Recognising the systemic barriers that women face in getting appointed as expert witnesses, and the importance of support and sponsorship from the broader community, participants also discussed ways for aspiring female experts to help themselves. These included making themselves as visible as possible, and taking opportunities to be seen by instructing lawyers when they arise, even at advanced career stages.

Networking or public speaking can be daunting, particularly in male-dominated environments, however there are many female and young practitioner networks in the world of dispute resolution, and these provide opportunities that enable aspiring experts to build their confidence among like-minded people.

Many expert witnesses are keen to work flexibly, particularly around family commitments, and the group agreed that this should not be a barrier to career advancement. Aspiring female experts were encouraged to promote their contributions and make clear their commitment to the role and willingness to work around personal commitments. The group recognised the need to take up networking opportunities that fit with flexible hours and agreed that there were plenty that could be embraced.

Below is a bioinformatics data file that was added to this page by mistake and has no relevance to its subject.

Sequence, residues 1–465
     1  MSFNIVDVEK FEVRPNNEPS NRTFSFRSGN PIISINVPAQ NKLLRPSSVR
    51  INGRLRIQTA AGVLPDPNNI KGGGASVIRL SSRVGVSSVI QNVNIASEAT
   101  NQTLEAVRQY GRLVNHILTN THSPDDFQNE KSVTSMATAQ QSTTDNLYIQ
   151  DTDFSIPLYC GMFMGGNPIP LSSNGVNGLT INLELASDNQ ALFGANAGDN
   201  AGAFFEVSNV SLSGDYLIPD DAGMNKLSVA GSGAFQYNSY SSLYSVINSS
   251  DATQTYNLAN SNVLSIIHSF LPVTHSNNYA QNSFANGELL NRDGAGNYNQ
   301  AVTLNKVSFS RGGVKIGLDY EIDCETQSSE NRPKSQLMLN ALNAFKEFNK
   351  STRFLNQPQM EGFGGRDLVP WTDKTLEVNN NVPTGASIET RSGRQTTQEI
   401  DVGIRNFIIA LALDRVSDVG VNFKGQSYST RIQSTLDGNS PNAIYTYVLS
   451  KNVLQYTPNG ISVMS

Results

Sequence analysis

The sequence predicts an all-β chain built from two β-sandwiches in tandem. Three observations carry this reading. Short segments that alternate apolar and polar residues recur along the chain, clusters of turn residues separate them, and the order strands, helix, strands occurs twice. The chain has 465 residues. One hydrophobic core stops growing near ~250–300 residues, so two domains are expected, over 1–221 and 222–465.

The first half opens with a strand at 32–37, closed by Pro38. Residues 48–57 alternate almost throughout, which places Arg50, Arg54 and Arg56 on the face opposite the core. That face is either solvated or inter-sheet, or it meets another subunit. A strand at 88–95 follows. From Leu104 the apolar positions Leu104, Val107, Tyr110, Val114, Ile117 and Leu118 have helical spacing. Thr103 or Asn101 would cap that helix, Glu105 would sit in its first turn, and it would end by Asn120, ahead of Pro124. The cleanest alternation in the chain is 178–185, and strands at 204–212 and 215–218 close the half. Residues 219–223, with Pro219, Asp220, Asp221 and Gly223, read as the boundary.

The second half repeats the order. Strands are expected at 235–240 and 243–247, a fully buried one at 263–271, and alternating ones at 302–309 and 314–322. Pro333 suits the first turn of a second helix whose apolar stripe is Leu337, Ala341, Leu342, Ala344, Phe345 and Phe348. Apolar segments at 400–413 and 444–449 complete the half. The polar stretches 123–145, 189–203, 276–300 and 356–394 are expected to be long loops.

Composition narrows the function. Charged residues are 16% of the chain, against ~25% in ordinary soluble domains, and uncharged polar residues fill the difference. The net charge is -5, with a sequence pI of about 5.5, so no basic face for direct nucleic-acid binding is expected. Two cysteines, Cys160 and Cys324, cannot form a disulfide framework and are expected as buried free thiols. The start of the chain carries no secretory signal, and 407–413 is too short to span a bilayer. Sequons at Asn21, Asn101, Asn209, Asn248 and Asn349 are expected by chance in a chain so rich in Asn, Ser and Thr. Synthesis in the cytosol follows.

Perceived, or actual, lack of confidence is seen as a barrier. The group considered the importance of taking up relevant training or coaching opportunities to help overcome this, as well as seeking role models and mentors, and declining tasks that will not contribute to career development.


Find out more about Equal Representation for Expert Witnesses (ERE) and sign the ERE pledge.


Read more: How to improve diversity in the Expert Witness community